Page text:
What is a Scholarship?
In this blog, we’re going to take a look at funding and scholarship opportunities for Indian students in the U.S. A very important and often a very exciting topic, this is something many of our readers care deeply about.
Before we begin, we would like to say that an MS in the US in itself is a fantastic opportunity.
Studying abroad will broaden your horizons and you should base your decision on the opportunity that you get – scholarships or any funding should ideally be an added bonus.
So just because you don’t get a scholarship doesn’t mean you should not look for ways to fund yourself because the opportunity of doing your Masters there in itself will be fantastic.
What is a Scholarship?
A scholarship is a financial aid awarded to the student based on the various criteria like academic achievements, financial need etc.
For one, it could be based on academic excellence namely the GPA that you obtained in your undergraduate degree program. It could also be based on any talent that you have demonstrated.
This might include very interesting projects that you’ve undertaken – hackathons, awards won, accomplishments and so on.
In addition to these factors, a university may also decide to award you a scholarship based on certain other factors such as your ethnic background (which is mostly relevant to American citizens) or your field of study.
Financial need and background are particularly relevant for Americans.
University Scholarships for Indian students in the USA can come from different sources – colleges and universities can award you the scholarship and that is predominantly the type of scholarship we speak about when we talk to an international student.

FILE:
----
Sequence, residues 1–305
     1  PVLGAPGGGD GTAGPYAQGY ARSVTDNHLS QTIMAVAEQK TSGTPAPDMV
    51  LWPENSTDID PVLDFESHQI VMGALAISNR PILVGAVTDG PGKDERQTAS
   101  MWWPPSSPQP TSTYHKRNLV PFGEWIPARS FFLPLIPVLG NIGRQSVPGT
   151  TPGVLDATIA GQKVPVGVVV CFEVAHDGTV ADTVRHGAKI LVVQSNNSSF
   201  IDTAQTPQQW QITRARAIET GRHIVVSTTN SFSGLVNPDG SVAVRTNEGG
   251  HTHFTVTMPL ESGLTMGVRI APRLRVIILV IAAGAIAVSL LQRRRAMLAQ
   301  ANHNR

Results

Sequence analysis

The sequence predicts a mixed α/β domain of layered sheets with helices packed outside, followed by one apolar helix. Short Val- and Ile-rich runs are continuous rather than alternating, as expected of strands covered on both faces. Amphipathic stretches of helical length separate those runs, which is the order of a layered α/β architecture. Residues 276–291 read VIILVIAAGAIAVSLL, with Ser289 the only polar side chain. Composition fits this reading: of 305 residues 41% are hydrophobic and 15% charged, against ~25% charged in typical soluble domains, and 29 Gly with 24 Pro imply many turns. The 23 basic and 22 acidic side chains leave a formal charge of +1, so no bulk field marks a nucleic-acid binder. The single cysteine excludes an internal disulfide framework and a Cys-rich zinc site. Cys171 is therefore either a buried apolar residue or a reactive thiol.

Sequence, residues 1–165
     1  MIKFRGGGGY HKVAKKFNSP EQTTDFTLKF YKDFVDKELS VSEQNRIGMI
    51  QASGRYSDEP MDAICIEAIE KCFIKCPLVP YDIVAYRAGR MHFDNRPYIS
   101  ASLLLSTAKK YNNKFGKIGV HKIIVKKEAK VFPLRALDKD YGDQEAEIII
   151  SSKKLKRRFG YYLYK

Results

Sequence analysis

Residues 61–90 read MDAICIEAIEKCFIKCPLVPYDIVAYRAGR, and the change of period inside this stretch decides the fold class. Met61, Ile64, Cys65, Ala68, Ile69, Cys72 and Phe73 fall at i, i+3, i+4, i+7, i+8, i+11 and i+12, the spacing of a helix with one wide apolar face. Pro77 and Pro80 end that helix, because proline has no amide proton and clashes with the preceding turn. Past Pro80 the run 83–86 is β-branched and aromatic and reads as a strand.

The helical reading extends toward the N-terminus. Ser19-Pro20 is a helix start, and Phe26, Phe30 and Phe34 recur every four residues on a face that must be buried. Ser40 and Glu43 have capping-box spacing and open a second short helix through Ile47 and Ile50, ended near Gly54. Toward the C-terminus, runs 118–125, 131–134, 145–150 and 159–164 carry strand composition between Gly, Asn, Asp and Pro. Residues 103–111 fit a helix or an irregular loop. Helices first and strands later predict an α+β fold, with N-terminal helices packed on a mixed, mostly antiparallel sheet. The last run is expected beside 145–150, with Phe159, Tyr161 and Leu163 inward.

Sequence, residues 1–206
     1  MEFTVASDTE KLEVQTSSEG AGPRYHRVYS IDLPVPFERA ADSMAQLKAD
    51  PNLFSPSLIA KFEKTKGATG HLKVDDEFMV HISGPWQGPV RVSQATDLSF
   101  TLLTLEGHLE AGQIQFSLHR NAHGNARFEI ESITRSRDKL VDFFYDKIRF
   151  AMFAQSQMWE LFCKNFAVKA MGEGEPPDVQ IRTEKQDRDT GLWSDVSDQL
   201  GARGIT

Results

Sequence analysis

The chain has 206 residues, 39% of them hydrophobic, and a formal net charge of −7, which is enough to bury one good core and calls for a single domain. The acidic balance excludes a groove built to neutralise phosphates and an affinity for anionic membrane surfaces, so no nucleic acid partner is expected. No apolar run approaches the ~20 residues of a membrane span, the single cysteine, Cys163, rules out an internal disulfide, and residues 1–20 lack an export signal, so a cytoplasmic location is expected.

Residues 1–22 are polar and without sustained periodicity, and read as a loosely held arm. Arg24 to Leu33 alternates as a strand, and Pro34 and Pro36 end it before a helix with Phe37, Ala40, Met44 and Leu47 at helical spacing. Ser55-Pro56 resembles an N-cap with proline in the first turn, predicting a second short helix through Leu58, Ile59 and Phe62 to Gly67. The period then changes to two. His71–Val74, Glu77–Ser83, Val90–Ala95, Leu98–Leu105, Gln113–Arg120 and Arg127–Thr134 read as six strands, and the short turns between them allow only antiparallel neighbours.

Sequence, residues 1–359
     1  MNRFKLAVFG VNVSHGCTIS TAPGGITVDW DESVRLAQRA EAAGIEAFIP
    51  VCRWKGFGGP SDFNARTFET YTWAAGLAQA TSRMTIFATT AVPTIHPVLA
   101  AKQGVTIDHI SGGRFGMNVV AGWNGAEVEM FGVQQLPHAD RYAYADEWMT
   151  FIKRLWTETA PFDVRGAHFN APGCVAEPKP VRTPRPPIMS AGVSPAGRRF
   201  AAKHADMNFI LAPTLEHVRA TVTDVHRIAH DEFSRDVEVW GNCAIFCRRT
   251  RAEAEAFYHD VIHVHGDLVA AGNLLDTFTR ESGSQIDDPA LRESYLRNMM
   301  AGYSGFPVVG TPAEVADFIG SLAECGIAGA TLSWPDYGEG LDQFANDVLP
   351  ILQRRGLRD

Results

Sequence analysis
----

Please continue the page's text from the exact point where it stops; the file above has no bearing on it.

If you are not an American or Canadian citizen, then you’re unlikely to have other sources of scholarships.
If you are an American citizen, you do have additional options. For example, the government and certain private organisations do fund students who are native to the place.
Getting a scholarship is easier if you are a bright, talented and motivated Indian student.
You will find many resources to avail scholarships for free with some effort and time.
In the Indian scholarship search, your first step should be to look at your college’s financial aid office as most colleges provide this facility.
You will also need to know the eligibility for the scholarships as some require good exam scores i.e. the GRE, TOEFL, etc.
There are no specific ‘GRE scholarships’ or ‘TOEFL scholarships’ as such. But if someone refers to ‘GRE scholarships’ it means that he or she has taken the GRE exam and hopes to get a scholarship by relying on these scores.
These scores are only one essential component of your application process and will increase the chances of your getting an Indian scholarship.
Public & Private Universities
Before we proceed – A quick differentiator between public and private universities.
You must know that in the U.S. you have two kinds of universities- public and private universities.
It’s important to mention at this point that neither is a better option – both public & private universities in the US maintain high standards.
For example the University of California at Berkeley is a fantastic public university.
It’s a State University. Stanford University located just a few miles away is a private university and they are both extremely highly ranked.